Injection molding sliders or lifters allow a part to be released from an injection mold by releasing it. Slides or sliders are used to release any external undercuts or recesses on the outer surface of a part that may prevent it from being removed from the mold cavity. On the other hand, lifters release internal undercuts and recesses as well as projections on parts’ inside surfaces.
While sliders and lifters can be used to release injection-molded parts, they are not part of the mold. However, inserts that are manually placed into the mold and then removed when it is time for the part to be ejected can also be used. Part designers need to be aware that injection molding sliders, lifters and handloads are not the only consideration. Sliders and lifters are often used to increase part volumes, as these actions can add cost to molds.
How Do Injection Molding Sliders Work?
Injection molding sliders typically consist of a slider body, guide pin, slider, forming surface and wear plate. A locking mechanism is required to keep the slide in place when molding pressures exceed thousands of pounds per square inches (psi). To prevent warping, cooling channels for sliders are also employed. Sliders are typically purchased off-the-shelf and assembled by the mold maker.
The part is molded around features within the slider body during injection molding. Once the mold has cooled and opened, the slider body and guide pin move laterally from the part to allow it to be ejected. Different slide actions are available to drive this motion.
Slide Action Types
Cam pin slides, also known as horn pins or angle pins, are the most popular type of slide action. These slide actions have an angled guidepin that retracts from the slider body. This pin is attached to the stationary side and locks the slide in place using an angle block. The slider automatically returns to its original position when the mold is closed for the next cycle.
If pins are putting too much pressure on gibs that regulate the slide’s linear motion, hydraulic slides can be used. Locking hydraulic cylinders are an alternative if there are undercuts on the cavity side. These slider actions all have a delay built in to allow you to set the sequence of slide pulls.
How Do Injection Molding Lifters Work?
Injection molding lifters are composed of a pin- or blade-like lifting mechanism, an electronic ejector plate and a retainer. A block-like locking mechanism is also available. A lifter, unlike a slider that pushes an injection-molded part to one side of the machine, pushes it upwards and at an angle. The lifter moves in the same direction, but the ejector plate is perpendicular to it. To ensure that the part doesn’t stay on the lifter, the distance the lifter moves is determined by the internal undercut. An ejector pin can be used to control this. Hardened steel is used frequently because the lifter repeatedly enters and exits metal blocks. However, this type of steel can be quite expensive and requires machining.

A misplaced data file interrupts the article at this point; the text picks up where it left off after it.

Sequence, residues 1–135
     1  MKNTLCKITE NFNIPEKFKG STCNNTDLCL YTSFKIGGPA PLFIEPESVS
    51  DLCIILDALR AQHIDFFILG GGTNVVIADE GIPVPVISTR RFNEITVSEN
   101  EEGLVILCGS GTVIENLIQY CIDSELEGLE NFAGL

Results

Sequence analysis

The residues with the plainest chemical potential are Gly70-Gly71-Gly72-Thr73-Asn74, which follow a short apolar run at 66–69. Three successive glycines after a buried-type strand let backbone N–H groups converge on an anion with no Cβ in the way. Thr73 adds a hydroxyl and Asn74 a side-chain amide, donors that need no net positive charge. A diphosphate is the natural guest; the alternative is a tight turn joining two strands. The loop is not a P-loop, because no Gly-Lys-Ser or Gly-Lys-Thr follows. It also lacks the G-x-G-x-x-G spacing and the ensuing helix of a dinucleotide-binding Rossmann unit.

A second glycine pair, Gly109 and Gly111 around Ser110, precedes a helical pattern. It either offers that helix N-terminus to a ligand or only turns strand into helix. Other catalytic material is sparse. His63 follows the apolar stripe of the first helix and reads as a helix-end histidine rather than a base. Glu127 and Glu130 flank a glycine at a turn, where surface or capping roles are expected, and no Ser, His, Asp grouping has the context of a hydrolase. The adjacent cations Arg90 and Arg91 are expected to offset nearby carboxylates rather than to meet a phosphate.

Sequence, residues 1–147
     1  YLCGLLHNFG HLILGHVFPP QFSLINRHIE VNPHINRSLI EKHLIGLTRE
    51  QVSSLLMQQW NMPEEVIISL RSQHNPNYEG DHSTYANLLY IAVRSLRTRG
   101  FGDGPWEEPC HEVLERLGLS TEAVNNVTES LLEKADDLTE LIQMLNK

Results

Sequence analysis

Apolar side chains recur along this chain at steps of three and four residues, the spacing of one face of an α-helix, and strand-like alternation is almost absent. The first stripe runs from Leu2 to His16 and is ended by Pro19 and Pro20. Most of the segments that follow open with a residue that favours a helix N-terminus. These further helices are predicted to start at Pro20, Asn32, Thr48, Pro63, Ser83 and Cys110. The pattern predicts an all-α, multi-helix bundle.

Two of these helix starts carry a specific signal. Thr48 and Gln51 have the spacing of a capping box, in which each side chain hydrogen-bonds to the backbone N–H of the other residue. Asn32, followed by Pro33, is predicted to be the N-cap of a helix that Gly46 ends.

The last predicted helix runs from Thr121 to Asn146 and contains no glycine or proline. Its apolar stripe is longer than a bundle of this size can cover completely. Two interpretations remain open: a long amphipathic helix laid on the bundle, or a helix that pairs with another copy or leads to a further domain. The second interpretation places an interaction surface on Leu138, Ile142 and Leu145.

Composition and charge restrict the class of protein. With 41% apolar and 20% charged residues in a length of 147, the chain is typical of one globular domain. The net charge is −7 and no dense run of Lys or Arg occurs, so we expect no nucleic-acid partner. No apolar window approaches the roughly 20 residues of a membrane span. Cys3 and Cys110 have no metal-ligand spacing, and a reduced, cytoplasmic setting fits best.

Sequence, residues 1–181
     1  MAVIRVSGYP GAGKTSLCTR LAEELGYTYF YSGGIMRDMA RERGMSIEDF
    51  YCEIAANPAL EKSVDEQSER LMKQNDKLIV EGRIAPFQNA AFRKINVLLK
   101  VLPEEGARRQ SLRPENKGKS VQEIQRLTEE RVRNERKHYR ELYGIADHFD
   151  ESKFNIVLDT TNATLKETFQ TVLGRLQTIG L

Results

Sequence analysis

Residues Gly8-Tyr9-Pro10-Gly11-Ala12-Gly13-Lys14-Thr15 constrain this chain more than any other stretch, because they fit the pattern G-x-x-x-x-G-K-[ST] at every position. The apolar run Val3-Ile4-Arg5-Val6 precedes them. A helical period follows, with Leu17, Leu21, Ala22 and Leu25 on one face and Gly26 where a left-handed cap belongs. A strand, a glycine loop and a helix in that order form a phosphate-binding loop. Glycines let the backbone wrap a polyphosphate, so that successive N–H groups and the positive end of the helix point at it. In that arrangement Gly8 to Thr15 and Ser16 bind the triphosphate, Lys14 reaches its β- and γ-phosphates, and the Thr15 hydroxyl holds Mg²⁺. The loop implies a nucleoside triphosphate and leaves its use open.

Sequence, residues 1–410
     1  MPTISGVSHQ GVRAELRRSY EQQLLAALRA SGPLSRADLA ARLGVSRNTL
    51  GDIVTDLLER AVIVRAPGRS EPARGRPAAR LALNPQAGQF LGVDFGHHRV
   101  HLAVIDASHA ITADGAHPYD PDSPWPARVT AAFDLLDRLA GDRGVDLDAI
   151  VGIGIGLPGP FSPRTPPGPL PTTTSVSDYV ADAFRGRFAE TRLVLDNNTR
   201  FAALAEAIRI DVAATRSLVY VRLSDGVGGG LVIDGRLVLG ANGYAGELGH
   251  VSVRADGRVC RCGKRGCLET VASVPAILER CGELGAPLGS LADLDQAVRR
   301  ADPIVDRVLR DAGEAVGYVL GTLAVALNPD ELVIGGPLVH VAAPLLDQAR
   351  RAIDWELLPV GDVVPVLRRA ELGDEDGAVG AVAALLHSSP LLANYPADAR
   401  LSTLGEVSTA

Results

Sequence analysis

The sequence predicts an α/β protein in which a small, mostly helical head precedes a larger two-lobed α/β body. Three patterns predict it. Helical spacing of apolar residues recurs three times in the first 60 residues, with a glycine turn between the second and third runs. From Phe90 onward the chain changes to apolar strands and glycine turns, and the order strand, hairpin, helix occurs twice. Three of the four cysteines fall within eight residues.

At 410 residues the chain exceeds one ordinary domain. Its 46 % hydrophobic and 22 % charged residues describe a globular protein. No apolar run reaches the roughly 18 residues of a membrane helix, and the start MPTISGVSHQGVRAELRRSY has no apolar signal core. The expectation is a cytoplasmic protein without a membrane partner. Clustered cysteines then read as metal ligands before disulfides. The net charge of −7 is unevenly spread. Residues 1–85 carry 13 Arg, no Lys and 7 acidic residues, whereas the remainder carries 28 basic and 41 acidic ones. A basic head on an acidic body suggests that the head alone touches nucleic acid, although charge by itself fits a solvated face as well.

Types of lifters
Injection molding lifters can be classified as either integral or non-integral. Non-integral lifers are two units, while integral lifters can be described as a single unit. In general, integral lifters can be used to mold smaller parts, while non-integral lifters can be used for larger parts.
You can also choose from a variety of shapes for your lifter. Cylindrical lifters are simpler and easier to make. T-shaped lifters have larger parts and require greater precision. Each lifter type has a mix of horizontal and vertical motion.
When to use Sliders and Lifters
While it is important to consider the location of undercuts when using sliders, handloads, or lifters, this is not all that important. Slides can be used to remove external undercuts, while lifters can be used to remove internal undercuts. This is common in high-volume injection molded parts production. Hand loads are cheaper for prototyping or low volumes, where it is not feasible to invest in automated devices.
Your molder must follow best practices. This includes using a low pressure mold close to your hand to minimize damage to your hands and using special fixtures to aid in the extraction of complicated parts.
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Preferred Tool is your custom manufacturing operating system. Our DFM feedback provides designers with information about threads, undercuts and other parts that could affect the choice for a release mechanism. We also provide expert injection molding guidance to help you make the right decision. Preferred Tool can help you reduce your order volume and speed up your timelines. Preferred Tool is able to help you with your mold’s lifers, sliders, and hand loads.